What could go wrong you ask? For instance, the ADA says, “Using materials that are too abrasive on your teeth can actually make them look MORE yellow. Enamel is what you’re looking to whiten, but if you’re using a scrub that is too rough, you can actually wear it away. When that happens, the next layer of your tooth can become exposed – a softer, yellow tissue called dentin.” In other words, when the outer enamel is thinned and dentin is exposed, not only do your teeth appear more yellow, you also open up the possibility of having more sensitive teeth and are at higher risk for cavities. Not great.

One last idea worth mentioning about safety is the possibility of the powder form of activated charcoal potentially causing problems if you inhale it (cue the whispers of “carcinogen”). If you’re looking to use the powder form of it (as opposed to the already mixed toothpaste), it may be a challenge not breathing it in. The product that I tried was the powder form and WOW this stuff is crazy messy! I couldn’t even get through taking this picture without cracking up laughing at how it even blows in the “wind” in your house just opening the jar!

Still dedicated to the mission of dental charcoaling escapades after talking with us and reading all this? Here’s some tips:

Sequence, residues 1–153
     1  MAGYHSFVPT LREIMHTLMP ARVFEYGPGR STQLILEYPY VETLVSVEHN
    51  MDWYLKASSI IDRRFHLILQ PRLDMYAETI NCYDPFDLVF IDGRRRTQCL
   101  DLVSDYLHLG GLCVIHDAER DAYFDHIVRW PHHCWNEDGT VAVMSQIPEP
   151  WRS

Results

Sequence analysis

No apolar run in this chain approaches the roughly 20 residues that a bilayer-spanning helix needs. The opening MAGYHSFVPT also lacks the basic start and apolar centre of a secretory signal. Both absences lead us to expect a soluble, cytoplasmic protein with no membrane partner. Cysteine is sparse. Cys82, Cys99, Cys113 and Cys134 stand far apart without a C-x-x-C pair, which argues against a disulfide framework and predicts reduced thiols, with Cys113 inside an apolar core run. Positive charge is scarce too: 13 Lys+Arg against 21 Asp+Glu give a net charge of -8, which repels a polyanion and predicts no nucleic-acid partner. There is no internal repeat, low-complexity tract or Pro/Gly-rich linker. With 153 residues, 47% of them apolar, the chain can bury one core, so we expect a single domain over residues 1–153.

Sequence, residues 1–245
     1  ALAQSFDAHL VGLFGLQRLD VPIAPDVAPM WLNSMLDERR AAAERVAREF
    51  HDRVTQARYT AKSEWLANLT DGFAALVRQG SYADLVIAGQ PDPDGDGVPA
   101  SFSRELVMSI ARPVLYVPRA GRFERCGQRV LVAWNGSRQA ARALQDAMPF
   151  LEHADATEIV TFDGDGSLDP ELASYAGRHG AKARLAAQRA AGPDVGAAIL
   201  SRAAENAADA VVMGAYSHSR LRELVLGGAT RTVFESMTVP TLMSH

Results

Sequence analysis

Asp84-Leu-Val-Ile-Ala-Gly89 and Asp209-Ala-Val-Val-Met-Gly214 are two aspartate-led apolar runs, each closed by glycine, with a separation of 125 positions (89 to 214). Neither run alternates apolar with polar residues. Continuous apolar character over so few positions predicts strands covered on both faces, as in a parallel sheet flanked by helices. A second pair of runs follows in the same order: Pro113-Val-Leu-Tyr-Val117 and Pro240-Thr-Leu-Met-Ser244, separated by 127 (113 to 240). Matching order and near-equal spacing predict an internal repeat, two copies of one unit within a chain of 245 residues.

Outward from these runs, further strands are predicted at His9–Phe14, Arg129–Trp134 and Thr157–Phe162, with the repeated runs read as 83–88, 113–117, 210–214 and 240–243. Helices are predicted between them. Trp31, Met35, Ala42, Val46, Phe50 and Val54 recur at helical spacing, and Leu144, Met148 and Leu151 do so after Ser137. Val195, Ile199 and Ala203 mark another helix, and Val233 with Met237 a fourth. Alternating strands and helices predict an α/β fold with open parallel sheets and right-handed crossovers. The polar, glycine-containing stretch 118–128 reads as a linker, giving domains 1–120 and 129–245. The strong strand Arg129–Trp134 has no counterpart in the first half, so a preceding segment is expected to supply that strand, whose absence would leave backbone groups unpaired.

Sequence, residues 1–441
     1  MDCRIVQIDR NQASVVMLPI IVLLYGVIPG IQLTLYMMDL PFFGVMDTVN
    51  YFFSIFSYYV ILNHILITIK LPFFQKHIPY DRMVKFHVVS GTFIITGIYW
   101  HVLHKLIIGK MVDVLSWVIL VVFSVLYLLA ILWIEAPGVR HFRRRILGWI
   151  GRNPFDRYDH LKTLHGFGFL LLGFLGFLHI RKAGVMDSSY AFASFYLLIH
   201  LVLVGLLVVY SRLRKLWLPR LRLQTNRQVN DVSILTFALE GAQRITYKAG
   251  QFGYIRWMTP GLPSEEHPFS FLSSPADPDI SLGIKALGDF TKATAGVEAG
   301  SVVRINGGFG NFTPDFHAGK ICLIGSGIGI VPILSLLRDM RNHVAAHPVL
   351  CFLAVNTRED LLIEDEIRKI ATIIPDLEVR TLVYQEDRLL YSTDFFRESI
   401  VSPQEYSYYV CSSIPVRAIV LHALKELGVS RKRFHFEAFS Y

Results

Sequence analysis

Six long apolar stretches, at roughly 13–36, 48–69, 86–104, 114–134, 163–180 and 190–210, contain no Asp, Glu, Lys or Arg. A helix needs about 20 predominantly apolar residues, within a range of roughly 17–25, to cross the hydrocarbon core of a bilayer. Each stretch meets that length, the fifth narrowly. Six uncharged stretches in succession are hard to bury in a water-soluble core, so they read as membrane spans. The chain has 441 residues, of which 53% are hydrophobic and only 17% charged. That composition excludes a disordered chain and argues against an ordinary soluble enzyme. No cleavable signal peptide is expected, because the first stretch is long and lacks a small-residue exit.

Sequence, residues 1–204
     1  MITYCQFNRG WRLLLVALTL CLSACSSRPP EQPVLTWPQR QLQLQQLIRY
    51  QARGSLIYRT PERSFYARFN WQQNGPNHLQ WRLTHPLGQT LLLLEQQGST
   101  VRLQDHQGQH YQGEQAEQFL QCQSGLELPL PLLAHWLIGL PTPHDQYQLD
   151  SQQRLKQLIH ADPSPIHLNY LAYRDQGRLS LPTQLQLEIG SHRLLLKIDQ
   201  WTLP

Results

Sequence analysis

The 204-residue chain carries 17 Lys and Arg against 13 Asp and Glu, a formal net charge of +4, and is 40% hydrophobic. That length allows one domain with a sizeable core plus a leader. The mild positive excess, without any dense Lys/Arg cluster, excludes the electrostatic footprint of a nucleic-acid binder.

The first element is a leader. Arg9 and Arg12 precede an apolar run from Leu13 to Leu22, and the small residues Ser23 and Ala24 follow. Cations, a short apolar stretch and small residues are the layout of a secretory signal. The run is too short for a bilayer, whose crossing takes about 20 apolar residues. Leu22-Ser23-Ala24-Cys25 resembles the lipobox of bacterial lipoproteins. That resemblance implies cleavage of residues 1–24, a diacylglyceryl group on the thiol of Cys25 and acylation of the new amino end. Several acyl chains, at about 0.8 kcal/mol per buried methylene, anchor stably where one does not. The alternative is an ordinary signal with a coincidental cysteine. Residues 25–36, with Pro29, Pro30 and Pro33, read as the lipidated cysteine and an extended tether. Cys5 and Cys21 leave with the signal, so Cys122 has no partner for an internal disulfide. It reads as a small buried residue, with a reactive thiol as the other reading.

Tips for Usage:

1) Choose a product with an acceptable RDA value

2) Pick a product made in the US or UK as they are less likely to have problematic ingredients

3) Opt for an already mixed product to lessen the chance of inhalation

4) Instead of brushing with it, only smear it on to let it do it’s work

5) Help replenish any Calcium that may have been lost from your teeth and saliva by enjoying some hard cheese, yogurt or milk

6) Make it a point to use it only occasionally to keep wear and tear to a minimum. No more than 1 time per week.

7) WEAR DARK CLOTHING! NEVER wear a white t-shirt (I learned that mass disaster the hard way! =)

8) Settle in for a nice, quiet evening with no guests! Don’t plan on a hot date afterward or an important business meeting as you may have some charcoal that gets lodged under your gums (see not cute post-pic!) as well as some crazy blueberry-eating-looking lips (kinda reminds me of Violet from Willy Wonka!).

What Would a Dental Hygienist Do?

In conclusion, there’s never a dull moment in dentistry! Over the years, I’ve had a handful of patient’s that have absolutely confounded me with their results contrary to exceptional science. You most likely will have a dud on your hands with charcoal. However, you may also be that one person in the extremely small percentile who has some pretty decent results! (And if so, please do share with us!) The safety and efficacy of activated charcoal has yet to be scientifically proven. Personally, I’m sticking to my tried and true bleach trays. (Whitestrips will provide results, too, if you’re looking to whiten without the moderate investment.) However, if the call of the intriguing and cool is beckoning you, HAPPY ADVENTURING! But above all and most importantly, cautiously, please!

Maybe I should do this on Halloween if I’m a zombie this year?